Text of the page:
The Same Twelve Songs
(This post was rescued from the drafts folder of my old blog, and dates back to March of 2012. I have no idea why I didn’t post it then, but here it is now. WHEEEEEE)
It’s not quite three in the morning, sitting on the cusp of a crisp March Friday morning. I’m wide awake after a couple hours of sleep, typing this up by the light from the laptop screen. James Taylor is singing “Fire and Rain” in the background, talking with Elvis Costello about songwriting and politics and religion and history. There isn’t much traffic outside, and my apartment is quiet, but for the voice of a musical hero. He says: “I write the same twelve songs over and over.”
Things I’ve been doing lately, in no particular order: bitching about 40 degree temperature swings and crazy weather that can’t decide on a season; watching Brene Brown videos on YouTube, then making mental lists of all the things I’m ashamed of, then crying my eyeballs out; sleeping in two shifts, a few hours at a time, with a few hours in between – I read an article about it awhile back, and it suits my frenetic energy right now.
I woke up just now from a disconcerting dream. There were strange parts – I was in an old apartment, in the kitchen with a sinkful of dirty dishes and a gorgeous garden on the back porch that was being trashed by a monkey; my cats had escaped the apartment, and were outside on the porch playing tag with a squirrel; after the cats were herded back into the apartment, the squirrel came with, then ate some soap and passed out – but the weirdest part by far was that I had two kids.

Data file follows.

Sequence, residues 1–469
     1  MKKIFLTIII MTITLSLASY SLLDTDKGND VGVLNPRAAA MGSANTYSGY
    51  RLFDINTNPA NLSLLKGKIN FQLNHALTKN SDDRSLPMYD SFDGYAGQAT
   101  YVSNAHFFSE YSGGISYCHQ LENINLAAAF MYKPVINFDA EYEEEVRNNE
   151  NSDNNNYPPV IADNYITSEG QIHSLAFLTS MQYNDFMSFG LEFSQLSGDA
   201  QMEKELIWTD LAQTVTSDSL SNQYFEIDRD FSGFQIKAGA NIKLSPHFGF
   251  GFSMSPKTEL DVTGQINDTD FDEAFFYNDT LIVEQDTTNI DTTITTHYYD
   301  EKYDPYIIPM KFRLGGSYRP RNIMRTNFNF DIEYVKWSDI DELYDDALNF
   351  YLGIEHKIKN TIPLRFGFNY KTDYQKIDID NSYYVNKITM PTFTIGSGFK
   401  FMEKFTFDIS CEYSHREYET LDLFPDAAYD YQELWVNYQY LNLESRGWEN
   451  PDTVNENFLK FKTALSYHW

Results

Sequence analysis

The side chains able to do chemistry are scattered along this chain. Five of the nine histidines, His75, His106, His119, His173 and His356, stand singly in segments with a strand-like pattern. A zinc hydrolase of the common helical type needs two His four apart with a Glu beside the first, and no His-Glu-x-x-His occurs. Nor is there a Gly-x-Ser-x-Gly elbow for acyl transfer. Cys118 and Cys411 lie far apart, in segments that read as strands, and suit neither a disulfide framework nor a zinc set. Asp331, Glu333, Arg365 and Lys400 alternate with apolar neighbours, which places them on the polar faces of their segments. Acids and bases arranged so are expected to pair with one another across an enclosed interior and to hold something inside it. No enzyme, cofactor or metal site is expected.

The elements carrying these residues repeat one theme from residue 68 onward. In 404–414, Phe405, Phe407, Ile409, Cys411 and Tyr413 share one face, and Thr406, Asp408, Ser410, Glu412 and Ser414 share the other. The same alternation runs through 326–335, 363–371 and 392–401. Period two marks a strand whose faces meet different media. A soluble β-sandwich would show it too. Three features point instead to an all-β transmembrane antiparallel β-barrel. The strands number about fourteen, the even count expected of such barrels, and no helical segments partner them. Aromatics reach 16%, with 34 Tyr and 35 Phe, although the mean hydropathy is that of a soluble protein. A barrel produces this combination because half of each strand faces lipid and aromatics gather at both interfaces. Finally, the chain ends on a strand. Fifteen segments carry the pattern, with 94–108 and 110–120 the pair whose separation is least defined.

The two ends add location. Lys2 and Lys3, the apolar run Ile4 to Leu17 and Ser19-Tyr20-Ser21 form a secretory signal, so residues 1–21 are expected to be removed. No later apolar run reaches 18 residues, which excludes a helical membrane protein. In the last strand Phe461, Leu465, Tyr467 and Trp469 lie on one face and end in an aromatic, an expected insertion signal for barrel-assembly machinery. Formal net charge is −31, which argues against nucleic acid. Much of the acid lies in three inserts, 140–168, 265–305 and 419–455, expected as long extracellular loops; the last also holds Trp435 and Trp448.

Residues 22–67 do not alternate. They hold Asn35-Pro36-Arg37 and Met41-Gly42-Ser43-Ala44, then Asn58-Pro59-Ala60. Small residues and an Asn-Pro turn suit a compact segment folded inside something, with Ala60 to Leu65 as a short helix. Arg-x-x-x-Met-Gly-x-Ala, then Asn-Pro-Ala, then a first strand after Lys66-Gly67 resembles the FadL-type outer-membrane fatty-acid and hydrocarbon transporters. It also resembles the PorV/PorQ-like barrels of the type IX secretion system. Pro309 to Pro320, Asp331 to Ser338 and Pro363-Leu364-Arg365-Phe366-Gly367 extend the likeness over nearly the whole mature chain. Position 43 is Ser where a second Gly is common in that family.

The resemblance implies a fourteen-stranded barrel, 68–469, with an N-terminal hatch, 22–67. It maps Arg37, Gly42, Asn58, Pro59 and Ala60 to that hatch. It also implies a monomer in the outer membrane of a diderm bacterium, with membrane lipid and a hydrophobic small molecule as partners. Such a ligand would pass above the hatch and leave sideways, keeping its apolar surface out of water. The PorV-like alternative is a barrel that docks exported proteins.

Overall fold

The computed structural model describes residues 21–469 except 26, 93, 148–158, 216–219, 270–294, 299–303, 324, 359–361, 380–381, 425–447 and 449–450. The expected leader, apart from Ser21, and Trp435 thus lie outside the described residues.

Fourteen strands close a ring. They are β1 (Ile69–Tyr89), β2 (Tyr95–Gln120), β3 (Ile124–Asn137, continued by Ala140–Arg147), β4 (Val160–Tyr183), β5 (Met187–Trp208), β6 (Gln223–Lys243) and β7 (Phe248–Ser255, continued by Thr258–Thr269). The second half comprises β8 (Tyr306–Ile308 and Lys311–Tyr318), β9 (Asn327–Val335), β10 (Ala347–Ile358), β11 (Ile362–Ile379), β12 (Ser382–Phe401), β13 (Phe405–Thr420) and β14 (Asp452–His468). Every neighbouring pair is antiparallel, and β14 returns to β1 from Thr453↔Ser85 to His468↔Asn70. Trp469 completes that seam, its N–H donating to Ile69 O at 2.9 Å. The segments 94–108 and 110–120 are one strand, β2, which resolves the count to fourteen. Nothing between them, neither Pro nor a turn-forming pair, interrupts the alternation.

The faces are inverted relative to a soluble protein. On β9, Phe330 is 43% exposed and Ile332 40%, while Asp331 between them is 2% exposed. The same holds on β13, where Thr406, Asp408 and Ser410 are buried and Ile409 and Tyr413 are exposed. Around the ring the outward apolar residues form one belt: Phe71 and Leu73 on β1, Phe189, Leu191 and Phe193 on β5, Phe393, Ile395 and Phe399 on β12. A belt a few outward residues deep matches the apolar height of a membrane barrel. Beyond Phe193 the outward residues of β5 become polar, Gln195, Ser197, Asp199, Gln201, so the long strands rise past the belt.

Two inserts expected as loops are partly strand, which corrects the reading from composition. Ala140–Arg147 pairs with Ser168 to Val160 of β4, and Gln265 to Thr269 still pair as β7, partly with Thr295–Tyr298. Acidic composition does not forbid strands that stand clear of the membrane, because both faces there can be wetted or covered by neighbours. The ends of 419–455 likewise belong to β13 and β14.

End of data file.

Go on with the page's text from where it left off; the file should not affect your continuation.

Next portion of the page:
At the end of the dream, I was sitting on the couch with my sister; she was holding my daughter, who was not quite a year old. She had thick, dark hair, like I did at that age, and the same dark brown eyes. She fell asleep with her head on my sister’s shoulder as we were talking, and it was just one of those beautiful, love-drenched moments.
My son, a rollicking five or six year old, had really curly dark hair, blue-gray eyes, and a laugh that warmed the cockles of my wee black heart. He was on my lap, and I was playing human jungle gym the way I do with my nieces and nephews in the waking world. I was flipping him upside down and giving him little tosses into the air before catching him and sitting him on my knee. In that moment, both of us laughing our heads off, he looked me in the eye with such an adoring expression on his face, that I suddenly felt this overwhelming rush of guilt and shame about how I was living my life. Surely, went my internal monologue, SURELY I could give up more and make do with less so this precious laughing boy had more opportunity and better chances for success and joy!
That was the moment where I woke up, still feeling all that guilt and shame. Luckily, I also was still feeling all that love and joy in sharing a quiet moment with people I love. That bit was nice, even if it was supremely weird to have such intense motherly feelings for kids that don’t exist. And that I still don’t want now that I’m legitimately awake.
Mister Taylor is telling the story of his firstborn nephew, named after his uncle, and the lullaby that wrote itself on a long drive down the coast to North Carolina. I’ve never laid eyes on snow-capped Berkshires, but I have watched the sunrise chase the stars over the peaks of the Appalachians, my sister curled under her coat, asleep in the passenger seat beside me. That’s one of those twelve songs I’m always trying to write, and never really managing to get quite right.
If it wasn’t the middle of the night, I’d get out my guitar and sing until I ran out of voice. I think I’ll go back to bed instead.
Goodnight, you moonlight ladies.